Probate can be a time-consuming and perplexing process. However, probate isn’t necessary for several states if the estate’s value is less than a specific amount. For minor estates or when all property is given to a surviving spouse, certain states have a shortened probate procedure. Learn more about what to expect while dealing with probate in Fort Worth in this article. You may also learn more about the Probate Process in our earlier post.
You probably have a lot on your plate if you’re dealing with a probate property. Dealing with the loss of a loved one is difficult enough, but settling their estate, dealing with their debts, and managing personal property is a huge task. There are distinct rules in each state governing the probate process. We’ll give you a rough concept of what to expect during the probate process in Dallas Fort Worth in the sections below.
Will Validation During Probate
The probate court would have to determine if the will is valid before carrying out the probate process. The probate process will take place at the location where the decedent lived or owned property.
To be a legally binding document, a will must meet three basic requirements:
- The will must be in writing. There must be a written document to prove the will.
- The person who wrote the will should sign and date it. It is legal for the will-maker to have directed someone else to sign the document in front of witnesses if the will-maker wasn’t physically able to do so. The will-maker should also have signed or initialed each page of the paper, though this is not essential.
- Two adult witnesses should sign the will. Witnesses are very important. They witness the will-maker sign the paper and then sign it themselves and noting that the will-maker looks to be mentally competent and not influenced unduly by anyone. Witnesses must be legal adults in every state. The witnesses must also understand that the document is going to be the person’s will.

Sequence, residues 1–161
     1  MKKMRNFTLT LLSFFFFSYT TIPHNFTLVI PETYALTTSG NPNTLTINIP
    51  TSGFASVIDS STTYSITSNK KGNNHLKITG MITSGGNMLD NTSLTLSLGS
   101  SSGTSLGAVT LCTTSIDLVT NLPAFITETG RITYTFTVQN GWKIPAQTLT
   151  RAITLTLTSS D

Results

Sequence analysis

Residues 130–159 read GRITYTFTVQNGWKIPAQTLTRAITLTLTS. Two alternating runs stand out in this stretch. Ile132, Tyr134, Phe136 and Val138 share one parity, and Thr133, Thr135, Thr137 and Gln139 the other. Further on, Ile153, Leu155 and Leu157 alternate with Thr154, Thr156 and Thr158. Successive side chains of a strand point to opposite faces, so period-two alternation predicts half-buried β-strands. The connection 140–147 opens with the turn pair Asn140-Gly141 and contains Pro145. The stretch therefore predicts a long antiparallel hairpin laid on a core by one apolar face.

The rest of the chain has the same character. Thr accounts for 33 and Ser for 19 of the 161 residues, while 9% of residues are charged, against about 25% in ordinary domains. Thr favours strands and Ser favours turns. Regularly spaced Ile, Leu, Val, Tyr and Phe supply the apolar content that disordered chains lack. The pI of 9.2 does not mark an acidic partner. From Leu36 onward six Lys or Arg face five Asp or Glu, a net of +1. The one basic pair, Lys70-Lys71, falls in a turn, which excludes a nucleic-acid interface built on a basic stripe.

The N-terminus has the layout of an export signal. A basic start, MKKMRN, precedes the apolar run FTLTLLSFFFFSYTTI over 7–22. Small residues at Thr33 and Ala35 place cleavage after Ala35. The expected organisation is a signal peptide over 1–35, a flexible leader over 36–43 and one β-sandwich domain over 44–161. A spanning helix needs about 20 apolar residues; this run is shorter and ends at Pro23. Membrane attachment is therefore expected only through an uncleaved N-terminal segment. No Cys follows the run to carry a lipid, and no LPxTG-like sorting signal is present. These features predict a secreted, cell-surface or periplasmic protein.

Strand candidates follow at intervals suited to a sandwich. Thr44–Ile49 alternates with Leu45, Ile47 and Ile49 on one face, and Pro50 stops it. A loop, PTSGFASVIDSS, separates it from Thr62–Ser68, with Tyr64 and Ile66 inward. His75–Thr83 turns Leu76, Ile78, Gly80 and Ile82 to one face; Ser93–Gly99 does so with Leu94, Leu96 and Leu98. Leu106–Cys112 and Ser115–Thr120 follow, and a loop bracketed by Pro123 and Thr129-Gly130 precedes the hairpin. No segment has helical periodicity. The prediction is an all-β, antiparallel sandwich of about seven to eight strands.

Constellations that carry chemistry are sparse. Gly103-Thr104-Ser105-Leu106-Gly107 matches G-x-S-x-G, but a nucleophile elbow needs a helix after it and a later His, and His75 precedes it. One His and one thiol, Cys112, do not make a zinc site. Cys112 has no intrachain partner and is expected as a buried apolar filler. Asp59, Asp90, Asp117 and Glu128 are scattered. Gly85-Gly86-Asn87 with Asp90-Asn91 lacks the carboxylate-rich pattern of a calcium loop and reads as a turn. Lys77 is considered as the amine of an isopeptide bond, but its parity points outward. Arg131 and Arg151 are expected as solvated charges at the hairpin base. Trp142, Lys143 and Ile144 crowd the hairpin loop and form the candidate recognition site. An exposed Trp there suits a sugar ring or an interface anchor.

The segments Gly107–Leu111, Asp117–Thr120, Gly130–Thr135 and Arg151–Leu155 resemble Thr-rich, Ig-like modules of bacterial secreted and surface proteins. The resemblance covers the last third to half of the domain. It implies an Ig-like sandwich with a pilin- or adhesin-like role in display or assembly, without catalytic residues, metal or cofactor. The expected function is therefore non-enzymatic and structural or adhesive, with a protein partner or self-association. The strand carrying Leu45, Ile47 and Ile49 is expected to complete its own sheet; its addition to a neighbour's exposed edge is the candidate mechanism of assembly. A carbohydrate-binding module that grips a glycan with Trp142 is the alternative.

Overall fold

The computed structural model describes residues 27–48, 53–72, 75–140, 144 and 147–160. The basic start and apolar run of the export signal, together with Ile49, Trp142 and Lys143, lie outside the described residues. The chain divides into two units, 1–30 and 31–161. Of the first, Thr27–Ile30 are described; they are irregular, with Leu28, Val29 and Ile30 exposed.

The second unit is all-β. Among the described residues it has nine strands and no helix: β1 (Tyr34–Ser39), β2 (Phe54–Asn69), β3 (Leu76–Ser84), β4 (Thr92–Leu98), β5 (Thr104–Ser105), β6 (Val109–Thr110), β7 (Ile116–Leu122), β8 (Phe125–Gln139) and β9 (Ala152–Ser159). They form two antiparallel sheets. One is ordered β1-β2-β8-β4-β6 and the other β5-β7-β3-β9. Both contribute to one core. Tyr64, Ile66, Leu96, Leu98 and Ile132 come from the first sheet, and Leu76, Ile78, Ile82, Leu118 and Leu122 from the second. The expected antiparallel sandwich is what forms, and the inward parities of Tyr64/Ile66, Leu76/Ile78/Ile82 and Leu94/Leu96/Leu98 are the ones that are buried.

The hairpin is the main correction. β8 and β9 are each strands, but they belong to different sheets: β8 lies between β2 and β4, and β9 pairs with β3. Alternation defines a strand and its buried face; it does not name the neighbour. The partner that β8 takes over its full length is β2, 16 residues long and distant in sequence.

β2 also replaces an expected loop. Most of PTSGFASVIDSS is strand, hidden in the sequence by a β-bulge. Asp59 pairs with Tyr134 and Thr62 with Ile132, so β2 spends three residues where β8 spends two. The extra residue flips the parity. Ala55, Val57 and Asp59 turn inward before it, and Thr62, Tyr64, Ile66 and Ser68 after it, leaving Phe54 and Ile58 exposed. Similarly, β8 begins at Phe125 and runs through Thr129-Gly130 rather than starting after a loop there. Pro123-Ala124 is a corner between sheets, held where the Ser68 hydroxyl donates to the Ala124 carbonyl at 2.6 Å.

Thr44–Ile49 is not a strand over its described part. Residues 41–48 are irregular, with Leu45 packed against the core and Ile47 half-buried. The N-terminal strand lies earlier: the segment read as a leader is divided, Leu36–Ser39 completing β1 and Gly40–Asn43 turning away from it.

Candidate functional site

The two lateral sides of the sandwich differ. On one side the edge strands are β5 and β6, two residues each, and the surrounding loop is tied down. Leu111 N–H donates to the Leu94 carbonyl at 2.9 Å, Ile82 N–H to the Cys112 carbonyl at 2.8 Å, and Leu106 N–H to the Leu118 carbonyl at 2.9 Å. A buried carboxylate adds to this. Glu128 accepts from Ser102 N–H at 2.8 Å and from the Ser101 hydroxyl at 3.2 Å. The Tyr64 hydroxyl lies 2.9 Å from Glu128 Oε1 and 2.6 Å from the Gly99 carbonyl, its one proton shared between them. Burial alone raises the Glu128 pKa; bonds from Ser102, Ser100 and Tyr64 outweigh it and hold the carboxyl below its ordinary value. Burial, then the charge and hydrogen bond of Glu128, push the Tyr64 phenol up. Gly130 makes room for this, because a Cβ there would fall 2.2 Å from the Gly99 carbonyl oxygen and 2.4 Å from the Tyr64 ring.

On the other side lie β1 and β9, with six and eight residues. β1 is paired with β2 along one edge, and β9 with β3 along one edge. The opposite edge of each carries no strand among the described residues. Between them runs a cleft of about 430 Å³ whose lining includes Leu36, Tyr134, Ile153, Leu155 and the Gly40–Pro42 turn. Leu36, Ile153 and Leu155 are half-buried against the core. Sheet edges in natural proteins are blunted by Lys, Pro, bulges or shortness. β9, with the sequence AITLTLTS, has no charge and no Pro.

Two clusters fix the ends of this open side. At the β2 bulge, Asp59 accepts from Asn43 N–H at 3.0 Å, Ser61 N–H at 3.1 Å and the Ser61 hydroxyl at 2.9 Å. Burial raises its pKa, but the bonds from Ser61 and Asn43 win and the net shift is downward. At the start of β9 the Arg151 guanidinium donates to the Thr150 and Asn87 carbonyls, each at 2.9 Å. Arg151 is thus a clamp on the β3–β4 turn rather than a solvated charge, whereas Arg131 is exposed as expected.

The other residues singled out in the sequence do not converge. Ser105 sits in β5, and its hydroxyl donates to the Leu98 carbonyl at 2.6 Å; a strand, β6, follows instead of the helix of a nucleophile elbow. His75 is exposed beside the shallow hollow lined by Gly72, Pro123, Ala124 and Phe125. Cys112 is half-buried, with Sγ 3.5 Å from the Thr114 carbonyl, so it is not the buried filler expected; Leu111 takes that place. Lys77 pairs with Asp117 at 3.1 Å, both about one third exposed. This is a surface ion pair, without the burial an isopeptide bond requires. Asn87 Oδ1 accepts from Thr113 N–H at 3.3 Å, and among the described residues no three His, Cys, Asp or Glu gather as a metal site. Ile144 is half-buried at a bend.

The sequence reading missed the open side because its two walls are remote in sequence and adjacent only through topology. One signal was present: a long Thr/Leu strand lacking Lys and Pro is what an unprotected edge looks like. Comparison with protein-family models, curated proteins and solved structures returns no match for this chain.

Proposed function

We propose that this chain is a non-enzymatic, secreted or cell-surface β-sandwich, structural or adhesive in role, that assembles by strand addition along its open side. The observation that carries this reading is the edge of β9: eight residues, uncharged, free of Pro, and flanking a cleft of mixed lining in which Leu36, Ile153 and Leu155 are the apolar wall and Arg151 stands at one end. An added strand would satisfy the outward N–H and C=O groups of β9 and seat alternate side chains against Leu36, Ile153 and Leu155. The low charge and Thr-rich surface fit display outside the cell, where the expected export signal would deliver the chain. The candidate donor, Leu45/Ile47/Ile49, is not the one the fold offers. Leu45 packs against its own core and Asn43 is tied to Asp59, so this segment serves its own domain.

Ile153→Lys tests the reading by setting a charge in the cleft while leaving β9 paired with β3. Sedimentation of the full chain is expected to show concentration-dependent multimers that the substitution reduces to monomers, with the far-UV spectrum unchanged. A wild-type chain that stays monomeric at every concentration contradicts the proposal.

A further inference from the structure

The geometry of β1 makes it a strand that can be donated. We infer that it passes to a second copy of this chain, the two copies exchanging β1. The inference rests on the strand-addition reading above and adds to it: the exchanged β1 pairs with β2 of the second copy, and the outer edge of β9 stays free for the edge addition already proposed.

Executor Of The Estate
Typically, the deceased would name an executor of their estate who will be in control of their assets. In most states, an executor must be at least 18 years old and is a resident of the state where the will is submitted to probate court. The probate court must first approve the executor before he can carry out their duties. The obligations of the will executor can vary depending on the complexity of the estate and the person’s preferences. Executors are in charge to oversee and ensure anything specified in the will. They’ll have work to do even before the will is presented to the court. In some cases, the court will appoint one if the will does not indicate anyone as an executor. Typically, the executor will be the deceased’s spouse or child. You can learn more about the role of an Executor of an Estate in this previous blog we posted.
Gathering of Assets
The executor of the estate must gather and identify all of the deceased’s assets. It is necessary to cover both tangible and intangible items. The executor must disclose valuables such as collectibles, bank accounts, bonds, and real estate. In some instances, an executor calls in an appraiser to determine the “date of death” valuations of the assets left behind. A list of all assets, their values, and how these values were calculated will be required by the court. The court will require a list of all assets and their values.
The creditors of a deceased person must be notified after their death. The creditors will then have the opportunity to file claims against the estate if needed. In most states, the executor must post a notice of death. This is to inform any previously unaware creditors of the decedent’s death. Creditors will only have a little time to file a claim against the estate.
Paying Debts During Probate
The executor of the state must pay any unlawful debts left behind by the deceased. This covers any creditors who have filed a claim as well as any costs associated with the final agreement. There may be medical bills and other outstanding matters to settle before transferring any assets.
Handling Tax Returns
The executor of the estate is responsible for filing the deceased’s personal tax returns for the year in which they died. They will also be responsible for paying any estate taxes payable within nine months of the deceased’s death. In some situations, assets from the estate need to be liquidated to pay these taxes. Doing so will lower the value of the assets transferred to the heirs.
Once all heirs are notified, assets have been accounted for, creditors have been notified, and debts have been paid, the executor can distribute the remaining assets in accordance with the deceased’s will and after the court has given its approval. If any of the beneficiaries are minors, the executor will need to set up trust until the minor is of legal age to own the property on their own.
Summary of What a Probate is
Managing the probate process can be time-consuming, costly, and unpleasant. Avoiding probate by selling or giving away your assets ensures that fewer items are subject to the process.
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